Of course, the ethical implications are staggering, not to mention the scientific, commercial, or political implications. Even if we assume that any experiments that increase genetic and neurological capabilities are performed on animal rather than human subjects, we’d still be on a slippery slope. How do deal with a German shepherd whose intelligence has been enhanced by 25 percent? Can you imagine a chimpanzee that learns to speak and teach a class in physics? Doesn’t the dividing line between human beings and other creatures become irremediably blurred?
Many people may have read “The Island of Dr. Moreau” and if you haven’t read the book, it has been interpreted at least 6 times in the movie theater. While the story focuses on human-animal experimentation, he also had views on what can only be described as forbidden experiments in creating a “plastic” controllable human being or animal.
H.G. Wells presented many of his ideas in the essay “The Limits of Individual Plasticity” and, eventually, the ideas were also found in the book, “The Island of Dr. Moreau,” where through vivisection that mad doctor was able to conduct experiments where animals were genetically altered to resemble humans. The unfortunate thing is the animals no matter how human they looked, still returned back to their beastly nature.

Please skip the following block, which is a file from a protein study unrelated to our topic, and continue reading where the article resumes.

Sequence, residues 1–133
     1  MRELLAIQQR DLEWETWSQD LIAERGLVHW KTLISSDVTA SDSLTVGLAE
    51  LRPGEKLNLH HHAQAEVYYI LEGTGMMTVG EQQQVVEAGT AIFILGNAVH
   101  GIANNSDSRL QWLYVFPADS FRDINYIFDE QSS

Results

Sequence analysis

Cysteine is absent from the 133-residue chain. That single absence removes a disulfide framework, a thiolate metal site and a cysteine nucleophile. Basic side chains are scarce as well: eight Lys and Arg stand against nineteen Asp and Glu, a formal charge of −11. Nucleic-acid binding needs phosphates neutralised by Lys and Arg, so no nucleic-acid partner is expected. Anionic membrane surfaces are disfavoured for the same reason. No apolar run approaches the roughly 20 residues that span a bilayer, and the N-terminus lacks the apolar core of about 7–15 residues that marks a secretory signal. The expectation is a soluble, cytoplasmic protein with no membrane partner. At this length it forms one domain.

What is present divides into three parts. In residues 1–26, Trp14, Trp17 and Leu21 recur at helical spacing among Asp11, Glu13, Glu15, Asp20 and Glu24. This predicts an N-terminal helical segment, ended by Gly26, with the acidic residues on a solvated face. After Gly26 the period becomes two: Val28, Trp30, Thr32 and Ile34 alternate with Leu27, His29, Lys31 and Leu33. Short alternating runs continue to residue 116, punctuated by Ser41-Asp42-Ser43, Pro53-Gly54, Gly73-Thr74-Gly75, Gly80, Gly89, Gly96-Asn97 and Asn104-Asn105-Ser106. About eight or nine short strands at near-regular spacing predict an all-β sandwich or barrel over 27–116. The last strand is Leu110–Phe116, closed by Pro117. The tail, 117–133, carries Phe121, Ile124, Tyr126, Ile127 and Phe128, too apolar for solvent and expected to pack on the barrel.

Genetic tinkering and the science of genetic enhancement is now common and the guardians of morality are concerned about the science. American’s understanding of what is happening is limited to the notion of man playing God and the consequences that come from horror stories that have not only been written as fiction but have become a reality with the memory of Nazi sciences conducted by the likes of Josef Mengele.
The temptation to engage in such research is compelling; the threat that another nation or commercial interest would beat us in an “intelligence race” may be considered as dangerous as the threat of the nuclear arms race. Kurzweil recognized that once a computer was developed that was smarter than a human being; it could be employed to create ever-smarter machines. The same result can occur with organic brains of both animals and humans, which may then improve upon themselves at an even faster rate.
We must be sure that the ramifications of an Organic Singularity are understood before it occurs, and there is a beneficial way it can be introduced to society if we make that choice.